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Synopses & Reviews
Police Detective Harry Hole has made a terrible mistake. An embarrassment in the line of duty has pulled him off his usual beat. Reassigned to mundane surveillance tasks, he reluctantly agrees to monitor neo-Nazi activities in Oslo. But as Hole is drawn into an underground world of illegal gun trafficking, brutal beatings, and sexual extortions, he soon learns that he must act fast to prevent an international conspiracy from unfolding.
Trapped in the crosshairs of the man with all the answers, Harry Hole plunges headlong into a mystery with roots deep in the past. His investigation takes him back to Norway's darkest hour—when members of the young nation's government collaborated with leaders of Nazi Germany. Dredging up a painful history of denial, Hole turns his attention to the Norwegian troops who fought for Adolf Hitler on the Eastern front. Branded by their countrymen as traitors, the soldiers who survived the brutal Russian winter—the hunger, fear, cold, grenades, and snipers—returned home as scapegoats of a nation's atonement. Sixty years later, old grudges and betrayals appear to have been laid to rest, until Hole realizes that someone has begun to pick off the surviving soldiers one by one.
With only his troubled, guilt-ridden conscience as a guide, Hole must move quickly through the traps and mirrors of a twisted criminal mind. But as his sanity slips in a slow burn of anger and alcohol, his mistakes continue to pile up. And if he fails to quicken the pace, Norway's darkest hour since World War II just might lie in the future.
In a tightly woven plot that takes readers from the icy steppes of the Russian front to a seemingly peaceful springtime in modern-day Oslo, Norwegian crime writer Jo Nesbø delves into a sinister national history with uncommon bravery. Transforming shades of moral gray into an explosive palette of characters, Nesbø holds readers in suspense until the final pages. His deft orchestration of parallel narratives knows no match in the genre, and his thematic reach exceeds even the most ambitious thrillers on the market. With the U.S. publication of The Redbreast, American readers will learn what European readers have known for a decade—that Nesbø's writing is "quite simply brilliant" (Weekend-Avisen, Denmark).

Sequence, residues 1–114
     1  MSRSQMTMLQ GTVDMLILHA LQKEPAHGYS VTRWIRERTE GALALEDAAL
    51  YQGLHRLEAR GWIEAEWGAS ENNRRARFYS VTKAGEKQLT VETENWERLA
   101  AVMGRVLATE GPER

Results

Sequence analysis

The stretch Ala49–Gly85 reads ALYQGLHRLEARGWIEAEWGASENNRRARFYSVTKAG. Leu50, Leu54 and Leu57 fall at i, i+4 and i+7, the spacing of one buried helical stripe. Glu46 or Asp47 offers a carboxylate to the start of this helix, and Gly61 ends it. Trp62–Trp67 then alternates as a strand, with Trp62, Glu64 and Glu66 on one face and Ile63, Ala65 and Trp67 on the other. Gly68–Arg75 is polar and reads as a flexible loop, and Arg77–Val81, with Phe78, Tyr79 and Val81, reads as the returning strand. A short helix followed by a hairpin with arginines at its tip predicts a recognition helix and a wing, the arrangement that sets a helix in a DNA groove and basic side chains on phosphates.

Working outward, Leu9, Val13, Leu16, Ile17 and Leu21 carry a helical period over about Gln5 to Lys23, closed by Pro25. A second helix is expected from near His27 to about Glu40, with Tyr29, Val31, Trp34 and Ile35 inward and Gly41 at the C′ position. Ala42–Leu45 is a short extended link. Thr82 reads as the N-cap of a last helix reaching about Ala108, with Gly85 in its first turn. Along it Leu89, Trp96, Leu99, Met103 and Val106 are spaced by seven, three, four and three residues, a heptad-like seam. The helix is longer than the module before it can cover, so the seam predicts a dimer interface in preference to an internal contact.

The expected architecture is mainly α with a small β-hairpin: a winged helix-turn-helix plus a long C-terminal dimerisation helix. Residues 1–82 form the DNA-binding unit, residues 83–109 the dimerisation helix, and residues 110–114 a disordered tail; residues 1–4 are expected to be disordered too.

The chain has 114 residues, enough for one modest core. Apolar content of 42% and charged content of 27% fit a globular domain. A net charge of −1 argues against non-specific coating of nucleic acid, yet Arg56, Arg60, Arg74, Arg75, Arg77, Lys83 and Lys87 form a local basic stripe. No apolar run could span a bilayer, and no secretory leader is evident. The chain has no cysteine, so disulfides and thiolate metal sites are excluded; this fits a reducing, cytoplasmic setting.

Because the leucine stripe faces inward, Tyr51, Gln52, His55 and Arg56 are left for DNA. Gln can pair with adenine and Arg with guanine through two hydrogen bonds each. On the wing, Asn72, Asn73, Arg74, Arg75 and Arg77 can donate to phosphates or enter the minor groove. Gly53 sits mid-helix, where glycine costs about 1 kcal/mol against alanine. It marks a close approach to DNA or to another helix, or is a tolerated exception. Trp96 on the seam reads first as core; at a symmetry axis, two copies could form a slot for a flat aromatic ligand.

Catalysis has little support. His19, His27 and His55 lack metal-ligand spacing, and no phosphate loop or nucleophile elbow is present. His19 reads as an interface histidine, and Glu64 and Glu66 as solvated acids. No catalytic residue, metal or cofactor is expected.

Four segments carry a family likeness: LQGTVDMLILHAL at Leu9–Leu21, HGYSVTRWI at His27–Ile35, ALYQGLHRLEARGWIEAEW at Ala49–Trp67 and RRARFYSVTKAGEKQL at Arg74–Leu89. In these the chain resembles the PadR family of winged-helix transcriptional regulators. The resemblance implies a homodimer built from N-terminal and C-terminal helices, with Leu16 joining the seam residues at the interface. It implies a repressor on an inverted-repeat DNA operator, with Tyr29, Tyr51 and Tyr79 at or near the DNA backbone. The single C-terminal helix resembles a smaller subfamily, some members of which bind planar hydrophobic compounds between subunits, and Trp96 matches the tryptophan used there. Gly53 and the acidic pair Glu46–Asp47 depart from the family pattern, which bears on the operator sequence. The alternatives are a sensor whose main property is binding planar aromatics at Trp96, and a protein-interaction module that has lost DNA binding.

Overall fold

"Shifting effortlessly between the last days of WWII on the Eastern front and modern day Oslo, Norwegian Nesbø (The Devil's Star) spins a complex tale of murder, revenge and betrayal. A recovering alcoholic recently reassigned to the Norwegian Security Service, Insp. Harry Hole begins tracking Sverre Olsen, a vicious neo-Nazi who escaped prosecution on a technicality. But what starts as a quest to put Olsen behind bars soon explodes into a race to prevent an assassination. As Hole struggles to stay one step ahead of Olsen and his gang of skinheads, Nesbø takes the reader back to WWII, as Norwegians fighting for Hitler wage a losing battle on the Eastern front. When the two story lines finally collide, it's up to Hole to stop a man hell-bent on carrying out the deadly plan he hatched half a century ago in the trenches. Perfectly paced and painfully suspenseful, this crime novel illuminates not only Norway's alleged Nazi ties but also its present skinhead subculture. Readers will delight in Hole, a laconic hero as doggedly stubborn as Connelly's Harry Bosch, and yet with a prickly appeal all his own." Publishers Weekly (Starred Review) (Copyright Reed Business Information, Inc.)